Stein Sperling understands that good people can find themselves in debt to the IRS or the state. When that occurs, failure to communicate can lead to liens and levies against business or individual assets. Accordingly, we help clients implement strategies to address issues they encounter while responding to aggressive collection tactics used by the IRS or state tax authorities.

When the collection process has commenced but a client believes that the assessment is improper, avenues of abatement may remain through audit reconsideration, use of the Collection Due Process (CDP) hearing, or by obtaining assistance from the Taxpayer Advocate.

Where the tax liability is correct, allowing a taxpayer to pay over time is generally obtainable. This prevents the IRS or state authority from enforcing collection action for as long as the taxpayer is current. When our attorneys pursue this strategy for clients, we negotiate the agreement’s provisions to align with our client’s current and future ability to pay.

An offer in compromise is an agreement between a taxpayer and the IRS or state authority that results in the government accepting less than the full amount owed assuming certain conditions are met by the taxpayer. Submitting an offer in compromise is a complicated process, and its viability as a solution depends greatly on the taxpayer’s financial circumstances. Our tax attorneys regularly assist clients with this form of tax resolution including required financial disclosures.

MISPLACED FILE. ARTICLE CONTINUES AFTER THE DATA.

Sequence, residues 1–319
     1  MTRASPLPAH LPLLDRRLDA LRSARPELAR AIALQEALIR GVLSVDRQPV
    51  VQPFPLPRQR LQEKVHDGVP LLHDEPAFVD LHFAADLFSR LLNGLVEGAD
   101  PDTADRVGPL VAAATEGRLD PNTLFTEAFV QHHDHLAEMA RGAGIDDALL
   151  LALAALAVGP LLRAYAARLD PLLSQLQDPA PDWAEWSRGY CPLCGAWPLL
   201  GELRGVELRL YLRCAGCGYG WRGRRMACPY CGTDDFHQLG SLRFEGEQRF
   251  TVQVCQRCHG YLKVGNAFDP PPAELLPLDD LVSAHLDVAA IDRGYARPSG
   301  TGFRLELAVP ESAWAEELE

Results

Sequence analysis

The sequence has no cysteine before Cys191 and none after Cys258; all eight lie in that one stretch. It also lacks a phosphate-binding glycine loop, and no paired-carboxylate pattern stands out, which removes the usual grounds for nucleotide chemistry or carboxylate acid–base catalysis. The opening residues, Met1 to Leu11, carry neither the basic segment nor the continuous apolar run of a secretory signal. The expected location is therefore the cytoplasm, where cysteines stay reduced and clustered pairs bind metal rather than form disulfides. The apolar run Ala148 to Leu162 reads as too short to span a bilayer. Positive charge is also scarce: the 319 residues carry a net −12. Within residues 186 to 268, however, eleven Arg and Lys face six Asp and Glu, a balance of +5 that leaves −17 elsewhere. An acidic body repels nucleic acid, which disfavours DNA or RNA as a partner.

Innocent spouse claims can absolve our client of any tax liabilities associated with a former or, in some instances, current spouse. In contrast to popular belief, bankruptcy may be available to discharge older federal and state nontrust tax liabilities. As we assist clients in the tax collection process, our attorneys consider every angle of possible resolution.

Our attorneys are also experienced in pursuing abatements, a mechanism in which a portion of tax penalties (and occasionally interest) are removed from the balance owed by our client. Often, the justification for this form of tax resolution relates to a “reasonable cause” standard based on the client’s circumstances at the time the penalty was first assessed.